- Flickr/Anna Zvereva
- The Icelandic budget airline Wow Air abruptly ceased operations on Thursday.
- The carrier canceled all flights, stranding hundreds of passengers.
- Wow Air was due to run 15 flights on Thursday alone. Its planes seat about 200 passengers each.
- Passengers have told Business Insider of ruined travel plans and efforts to secure refunds. One said Wow Air emailed her to confirm a flight next week even after the announcement of the shutdown.
- Are you affected by the collapse of Wow Air? Email email@example.com.
Hundreds of passengers have been left stranded with little guidance on how to get home or complete their travels after the budget airline Wow Air abruptly collapsed Thursday.
The Icelandic airline said in a terse statement that it had canceled all flights and told passengers to try to book with other carriers.
It did not offer refund tickets but told passengers to check with their credit-card company and European regulators.
Wow Air was due to operate 15 flights on Thursday alone, including three from the US, according to the aviation website Flightradar24. Dozens were meant to fly over the next week.
- WOW Air
Travel plans? ‘I guess they don’t exist’
Suher Adi, a nonprofit policy associate living in Washington, DC, told Business Insider her flight from Baltimore to the Icelandic capital of Reykjavik on Wednesday night was delayed twice within five hours before being canceled – leaving multiple other passengers stranded and missing connecting flights. She estimated that 150 to 200 people were supposed to be on the plane.
Adi said she had planned to take a connecting flight from Reykjavik to Paris, also on Wow, to visit a friend.
“Our plane was supposed to fly out of BWI,” Baltimore/Washington International, “at 7 p.m. and then at 7:30 we got a text update, later followed by email, saying it would be delayed until 9 p.m,” she said. “Then at 8:12 I got another text saying it would be delayed until 11 p.m.”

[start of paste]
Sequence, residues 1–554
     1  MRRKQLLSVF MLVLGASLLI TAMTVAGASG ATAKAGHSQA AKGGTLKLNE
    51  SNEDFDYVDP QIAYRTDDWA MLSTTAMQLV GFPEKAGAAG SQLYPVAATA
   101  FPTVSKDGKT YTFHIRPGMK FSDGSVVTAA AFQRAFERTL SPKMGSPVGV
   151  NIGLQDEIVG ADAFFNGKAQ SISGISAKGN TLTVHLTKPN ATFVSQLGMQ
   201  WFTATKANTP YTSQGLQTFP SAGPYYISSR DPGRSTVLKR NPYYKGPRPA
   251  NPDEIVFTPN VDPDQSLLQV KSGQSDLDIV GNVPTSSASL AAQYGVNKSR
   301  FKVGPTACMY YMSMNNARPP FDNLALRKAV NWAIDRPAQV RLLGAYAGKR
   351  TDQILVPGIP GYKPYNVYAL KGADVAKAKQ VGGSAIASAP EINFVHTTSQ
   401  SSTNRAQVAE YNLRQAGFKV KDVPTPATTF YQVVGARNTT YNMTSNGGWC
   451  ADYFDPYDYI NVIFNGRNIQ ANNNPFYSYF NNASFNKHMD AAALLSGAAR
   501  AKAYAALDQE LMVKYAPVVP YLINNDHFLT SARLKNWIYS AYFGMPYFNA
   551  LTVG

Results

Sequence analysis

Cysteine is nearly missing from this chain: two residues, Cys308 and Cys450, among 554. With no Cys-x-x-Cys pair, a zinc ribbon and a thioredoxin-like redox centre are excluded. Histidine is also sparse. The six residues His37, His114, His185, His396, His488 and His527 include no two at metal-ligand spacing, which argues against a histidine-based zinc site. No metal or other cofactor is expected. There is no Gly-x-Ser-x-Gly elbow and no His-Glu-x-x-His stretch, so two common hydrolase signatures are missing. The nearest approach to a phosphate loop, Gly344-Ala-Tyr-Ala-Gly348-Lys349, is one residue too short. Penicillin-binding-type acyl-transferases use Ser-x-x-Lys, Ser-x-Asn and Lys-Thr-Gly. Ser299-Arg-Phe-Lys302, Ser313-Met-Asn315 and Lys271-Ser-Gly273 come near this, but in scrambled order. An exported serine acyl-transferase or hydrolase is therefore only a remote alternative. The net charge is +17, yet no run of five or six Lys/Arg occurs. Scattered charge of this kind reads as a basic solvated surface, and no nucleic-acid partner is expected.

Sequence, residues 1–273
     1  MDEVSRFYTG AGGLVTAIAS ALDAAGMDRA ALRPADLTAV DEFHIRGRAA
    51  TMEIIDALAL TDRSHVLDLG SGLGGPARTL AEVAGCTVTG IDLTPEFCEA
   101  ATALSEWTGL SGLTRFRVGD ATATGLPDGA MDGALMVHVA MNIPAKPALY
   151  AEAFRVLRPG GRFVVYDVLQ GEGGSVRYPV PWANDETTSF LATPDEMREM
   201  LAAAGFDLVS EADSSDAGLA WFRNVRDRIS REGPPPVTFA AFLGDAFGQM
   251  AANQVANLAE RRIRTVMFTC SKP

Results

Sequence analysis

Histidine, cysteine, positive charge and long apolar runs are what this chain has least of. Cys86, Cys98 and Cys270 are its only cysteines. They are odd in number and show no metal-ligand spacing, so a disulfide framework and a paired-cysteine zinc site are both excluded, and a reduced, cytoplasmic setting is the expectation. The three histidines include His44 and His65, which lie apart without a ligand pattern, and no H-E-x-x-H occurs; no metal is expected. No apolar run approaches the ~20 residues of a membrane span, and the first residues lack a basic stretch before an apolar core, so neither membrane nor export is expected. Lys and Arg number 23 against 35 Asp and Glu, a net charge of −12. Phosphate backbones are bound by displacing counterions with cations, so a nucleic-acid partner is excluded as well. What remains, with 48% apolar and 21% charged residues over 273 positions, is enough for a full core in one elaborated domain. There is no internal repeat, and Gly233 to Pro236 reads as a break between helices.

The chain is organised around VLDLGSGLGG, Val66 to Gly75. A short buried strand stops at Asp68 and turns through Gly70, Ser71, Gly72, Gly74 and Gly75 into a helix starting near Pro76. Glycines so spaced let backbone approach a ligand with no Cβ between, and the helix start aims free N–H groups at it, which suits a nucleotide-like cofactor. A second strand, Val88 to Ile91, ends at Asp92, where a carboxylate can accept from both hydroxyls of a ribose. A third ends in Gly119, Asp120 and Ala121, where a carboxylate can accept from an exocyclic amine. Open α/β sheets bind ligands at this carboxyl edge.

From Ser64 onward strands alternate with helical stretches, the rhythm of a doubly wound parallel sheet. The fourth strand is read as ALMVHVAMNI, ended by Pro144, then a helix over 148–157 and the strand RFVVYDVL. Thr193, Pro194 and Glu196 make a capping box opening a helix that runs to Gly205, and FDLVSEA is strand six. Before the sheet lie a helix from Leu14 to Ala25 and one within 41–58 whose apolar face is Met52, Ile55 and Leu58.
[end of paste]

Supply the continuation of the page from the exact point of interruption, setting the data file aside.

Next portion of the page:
“At 11:36 we got a text saying that they are canceling our flights due to ‘operational restrictions’ but did not provide any information other than a link to file a claim,” she added.
She said Wow Air texted and emailed passengers on her flight at night to offer free hotel accommodation “until the next Wow Air flight” – which now doesn’t exist. She said she didn’t know how many people took the airline up on that offer, adding that she spent over $50 on a Lyft ride back home in Washington.
When asked where her travel plans stood, she said: “I guess they don’t exist.”
- WOW Air
Passengers due to fly with Wow Air in the coming days have also found their travel plans disrupted.
Natalie Overland, a nanny living in Liverpool, says she had plans trying to visit her husband in Madison, Wisconsin, next week.
She was scheduled to fly on April 3 from Liverpool to Dublin with Ryanair, from Dublin to Boston with Wow Air, and then from Boston to Chicago with American Airlines, she told Business Insider. Her husband was then going to pick her up at Chicago, roughly 2 1/2 hours from Madison by car.